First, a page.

If the Braves needed to drown out any sorrows Friday night, after watching one of their top trade targets, Zack Greinke, acquired by the Angels, Ben Sheets was the perfect man for the job.
Sheets keeps making his own case for being one of the biggest acquisitions in the majors this month. He pitched six strong innings, allowing one run, to win his third straight game for the Braves, 6-1 over the Phillies.
The 34-year-old with the bionic arm is now 3-0 with a 0.50 ERA since returning from two years out of the game following two elbow operations.
The former four-time All-Star for the Brewers built up his arm strength in his backyard, pitched a simulated game for Braves scouts at Georgia Tech while in town coaching his son’s Little League team, and now he’s given up only one run in 18 innings.
“It was all upside,” said Braves manager Fredi Gonzalez of signing Sheets to a minor league contract. “And good for (Braves general manager) Frank (Wren) to think outside the box a little bit and go get him. Right now he’s about as good as you want.”
Sheets gave up one run on two hits to the first two Phillies batters he faced, breaking up his 12-inning scoreless streak, and no more over the next five innings.
His batterymate Brian McCann did what he’s done every game he’s played against the Phillies this season – hit a home run – to give Sheets a 5-1 cushion with a three-run shot in the fifth inning.
“I’m just riding it, dude, riding the wave,” Sheets said. “I’m on a very good team and guys do the heavy pulling. I’m just trying to put in a little two cents myself, try to help us out.”
McCann has hit a home run in each of the six games he’s played against the Phillies, including two grand slams.
He hit a grand slam to help the Braves rally from 6-0 down against Roy Halladay on May 2 on their way to a 15-13 win in 11 innings. That game snapped an eight-game losing streak to the Phillies. Since then the Braves have won five of six against their NL East rival and four in a row. They’re back within four games of the Nationals.
The Braves spoiled Cole Hamels’ first start for the Phillies since he signed a six-year $144 million extension on Wednesday. He was off his game. He had a career-high six walks on Friday, threw more balls than strikes (56 balls to 53 strikes) and lasted a season-low five innings.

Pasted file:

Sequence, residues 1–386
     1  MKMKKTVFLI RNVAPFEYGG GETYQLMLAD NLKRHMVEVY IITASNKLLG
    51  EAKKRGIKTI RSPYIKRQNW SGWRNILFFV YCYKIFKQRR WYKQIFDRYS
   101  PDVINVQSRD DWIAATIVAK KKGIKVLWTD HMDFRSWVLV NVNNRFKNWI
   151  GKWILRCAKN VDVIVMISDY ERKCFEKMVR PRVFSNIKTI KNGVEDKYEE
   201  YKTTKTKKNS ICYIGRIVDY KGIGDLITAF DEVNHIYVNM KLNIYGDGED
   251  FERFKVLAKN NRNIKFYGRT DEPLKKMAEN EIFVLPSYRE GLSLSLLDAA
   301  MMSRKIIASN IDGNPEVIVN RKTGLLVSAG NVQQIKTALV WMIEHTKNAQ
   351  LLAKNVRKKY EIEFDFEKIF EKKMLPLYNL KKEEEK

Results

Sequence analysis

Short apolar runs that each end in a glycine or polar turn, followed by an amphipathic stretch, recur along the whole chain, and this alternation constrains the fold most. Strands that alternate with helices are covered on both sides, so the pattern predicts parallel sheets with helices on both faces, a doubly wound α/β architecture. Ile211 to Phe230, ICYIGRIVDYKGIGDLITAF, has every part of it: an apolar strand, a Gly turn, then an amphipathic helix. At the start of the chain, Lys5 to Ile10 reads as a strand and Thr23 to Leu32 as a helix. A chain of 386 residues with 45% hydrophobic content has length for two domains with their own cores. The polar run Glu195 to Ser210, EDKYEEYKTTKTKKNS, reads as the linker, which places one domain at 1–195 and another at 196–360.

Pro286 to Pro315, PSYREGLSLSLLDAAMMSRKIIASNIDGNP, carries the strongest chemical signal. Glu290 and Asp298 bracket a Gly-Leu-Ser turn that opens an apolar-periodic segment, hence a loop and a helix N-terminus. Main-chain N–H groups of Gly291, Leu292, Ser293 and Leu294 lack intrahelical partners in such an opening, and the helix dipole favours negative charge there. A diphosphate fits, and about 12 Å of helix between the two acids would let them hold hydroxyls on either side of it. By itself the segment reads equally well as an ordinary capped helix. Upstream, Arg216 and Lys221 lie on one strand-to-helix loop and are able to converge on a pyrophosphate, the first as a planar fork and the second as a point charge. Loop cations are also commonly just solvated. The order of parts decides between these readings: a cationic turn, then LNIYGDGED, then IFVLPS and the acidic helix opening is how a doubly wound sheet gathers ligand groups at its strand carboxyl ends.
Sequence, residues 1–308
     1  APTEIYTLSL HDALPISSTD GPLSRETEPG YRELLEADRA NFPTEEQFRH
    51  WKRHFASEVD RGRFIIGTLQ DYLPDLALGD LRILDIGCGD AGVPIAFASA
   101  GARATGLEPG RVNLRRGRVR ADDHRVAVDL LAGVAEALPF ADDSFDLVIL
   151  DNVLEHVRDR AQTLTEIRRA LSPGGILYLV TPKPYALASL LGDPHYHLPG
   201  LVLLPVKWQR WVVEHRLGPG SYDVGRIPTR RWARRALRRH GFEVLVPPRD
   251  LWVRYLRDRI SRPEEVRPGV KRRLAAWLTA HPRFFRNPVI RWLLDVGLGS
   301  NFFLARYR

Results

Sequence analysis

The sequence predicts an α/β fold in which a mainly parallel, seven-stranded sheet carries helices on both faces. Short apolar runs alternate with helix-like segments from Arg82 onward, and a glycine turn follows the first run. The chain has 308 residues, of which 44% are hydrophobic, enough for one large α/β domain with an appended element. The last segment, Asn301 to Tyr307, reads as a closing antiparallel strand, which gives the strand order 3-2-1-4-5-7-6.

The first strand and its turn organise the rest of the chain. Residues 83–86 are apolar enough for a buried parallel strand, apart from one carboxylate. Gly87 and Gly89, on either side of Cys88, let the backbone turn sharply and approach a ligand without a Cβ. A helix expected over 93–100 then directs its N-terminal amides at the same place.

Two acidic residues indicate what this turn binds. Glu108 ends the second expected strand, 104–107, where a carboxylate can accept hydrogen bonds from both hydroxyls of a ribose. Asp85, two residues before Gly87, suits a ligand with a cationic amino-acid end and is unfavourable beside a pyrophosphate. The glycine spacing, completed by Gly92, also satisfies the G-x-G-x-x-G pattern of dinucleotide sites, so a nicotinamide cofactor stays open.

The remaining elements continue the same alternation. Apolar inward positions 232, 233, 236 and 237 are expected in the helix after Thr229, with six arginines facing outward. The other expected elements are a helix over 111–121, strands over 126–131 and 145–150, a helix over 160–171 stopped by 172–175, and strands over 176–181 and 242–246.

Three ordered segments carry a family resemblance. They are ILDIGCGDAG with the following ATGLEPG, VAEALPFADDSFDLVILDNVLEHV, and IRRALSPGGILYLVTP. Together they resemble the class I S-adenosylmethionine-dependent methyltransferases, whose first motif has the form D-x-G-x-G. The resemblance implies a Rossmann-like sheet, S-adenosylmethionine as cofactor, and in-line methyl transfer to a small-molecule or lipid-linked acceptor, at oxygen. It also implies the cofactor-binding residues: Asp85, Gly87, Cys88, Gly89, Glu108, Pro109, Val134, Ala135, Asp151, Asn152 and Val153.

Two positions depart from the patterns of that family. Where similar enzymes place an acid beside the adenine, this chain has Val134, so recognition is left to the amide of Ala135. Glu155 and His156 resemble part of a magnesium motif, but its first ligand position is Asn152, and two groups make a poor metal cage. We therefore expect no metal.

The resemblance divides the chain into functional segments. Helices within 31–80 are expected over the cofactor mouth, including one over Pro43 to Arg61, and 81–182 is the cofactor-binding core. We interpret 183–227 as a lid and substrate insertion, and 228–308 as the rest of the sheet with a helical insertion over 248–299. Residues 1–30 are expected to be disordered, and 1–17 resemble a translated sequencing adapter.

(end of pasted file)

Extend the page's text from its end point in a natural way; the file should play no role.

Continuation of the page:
The Braves took advantage of all the freebie baserunners as well as two errors committed by the Phillies. Third baseman Mike Fontenot misplayed a groundball by Sheets, with the bases loaded and two outs in the second inning, allowing the Braves to break through with their first of two runs. Michael Bourn helped tack on another run in the sixth by reaching on left fielder John Mayberry’s three-base error.
Chipper Jones doubled twice in three at-bats against Hamels to continue his hot streak. He has hit safely in 23 of his past 25 games, including eight straight, while hitting 34-for-92 (.370). His second double in the fifth inning tied him with Reds great Pete Rose for second all-time in extra-base hits among switch-hitters. Jones now has No. 1,041.
“We got Cole on an off night,” Jones said. “…That’s very uncharacteristic, but we took advantage of it. Error helped there in the second, kind of get us on top. Got the homestand and the series kicked off on the right foot against a really good pitcher.”
Sheets’ fastball was not quite as lively Friday as it had been in his first two starts, sometimes settling at 89 mph, not the 91-92 mph he maintained for much of his first two starts. But that didn’t change his effectiveness. He has now beat the Mets, Nationals and Phillies to help the Braves go 11-4 this month against the NL East.
“That curveball he possesses is the great equalizer,” Jones said. “He throws that thing whenever he wants. He can get a quick strike with it to get ahead early and set up some other things, and he can drop it on you 3-2.”
Sheets gave up back-to-back hits to Jimmy Rollins and Shane Victorino to allow the Phillies’ only run. But after a two-out walk to Carlos Ruiz, Sheets coaxed a groundout from Hunter Pence to end the first inning. He set it up with a first-pitch curveball, then got Pence to bounce out to second base on a 92 mph fastball.
“I’m just scared out there really,” Sheets said, laughing. “It’s definitely not the stuff that I’m accustomed to pitching with. I’m just making good pitches with all of them. I’ve got a different arsenal, but it’s all about putting the ball where you want to put it, whatever you throw. Even if it’s a terrible pitch, if it’s located well it’s OK.”